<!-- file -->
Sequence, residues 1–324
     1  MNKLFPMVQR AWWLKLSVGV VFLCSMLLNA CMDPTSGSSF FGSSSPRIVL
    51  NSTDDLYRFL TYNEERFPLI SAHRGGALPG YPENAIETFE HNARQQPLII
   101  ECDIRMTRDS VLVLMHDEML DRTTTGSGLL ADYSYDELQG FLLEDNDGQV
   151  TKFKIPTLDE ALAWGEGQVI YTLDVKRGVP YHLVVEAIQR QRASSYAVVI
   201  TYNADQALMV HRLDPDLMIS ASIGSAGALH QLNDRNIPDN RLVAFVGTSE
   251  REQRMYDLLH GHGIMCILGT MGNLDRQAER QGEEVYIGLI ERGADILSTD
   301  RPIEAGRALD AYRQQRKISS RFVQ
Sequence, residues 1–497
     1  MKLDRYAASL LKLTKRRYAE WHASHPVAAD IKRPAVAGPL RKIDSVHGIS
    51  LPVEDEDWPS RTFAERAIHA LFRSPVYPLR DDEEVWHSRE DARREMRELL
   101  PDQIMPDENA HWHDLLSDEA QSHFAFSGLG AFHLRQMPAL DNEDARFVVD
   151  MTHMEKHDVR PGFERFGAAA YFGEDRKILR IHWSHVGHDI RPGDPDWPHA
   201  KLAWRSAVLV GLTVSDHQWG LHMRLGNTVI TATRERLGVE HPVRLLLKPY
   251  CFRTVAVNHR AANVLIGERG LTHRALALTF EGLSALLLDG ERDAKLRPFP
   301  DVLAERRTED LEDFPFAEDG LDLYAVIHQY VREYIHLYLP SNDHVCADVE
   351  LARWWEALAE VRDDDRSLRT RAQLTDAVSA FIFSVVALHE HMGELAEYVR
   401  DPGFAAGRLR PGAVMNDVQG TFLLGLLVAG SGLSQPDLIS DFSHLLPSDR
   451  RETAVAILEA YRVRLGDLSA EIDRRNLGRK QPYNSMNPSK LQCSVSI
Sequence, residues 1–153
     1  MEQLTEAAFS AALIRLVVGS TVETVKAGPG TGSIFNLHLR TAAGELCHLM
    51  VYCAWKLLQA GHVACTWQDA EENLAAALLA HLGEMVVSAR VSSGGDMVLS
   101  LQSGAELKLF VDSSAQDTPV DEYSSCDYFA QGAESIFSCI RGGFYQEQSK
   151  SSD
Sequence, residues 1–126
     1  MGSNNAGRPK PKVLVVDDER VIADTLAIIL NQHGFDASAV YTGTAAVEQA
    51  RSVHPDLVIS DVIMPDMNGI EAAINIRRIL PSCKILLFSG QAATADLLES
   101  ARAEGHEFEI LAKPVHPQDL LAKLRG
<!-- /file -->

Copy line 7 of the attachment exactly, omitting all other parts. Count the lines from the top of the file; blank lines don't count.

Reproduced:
   251  REQRMYDLLH GHGIMCILGT MGNLDRQAER QGEEVYIGLI ERGADILSTD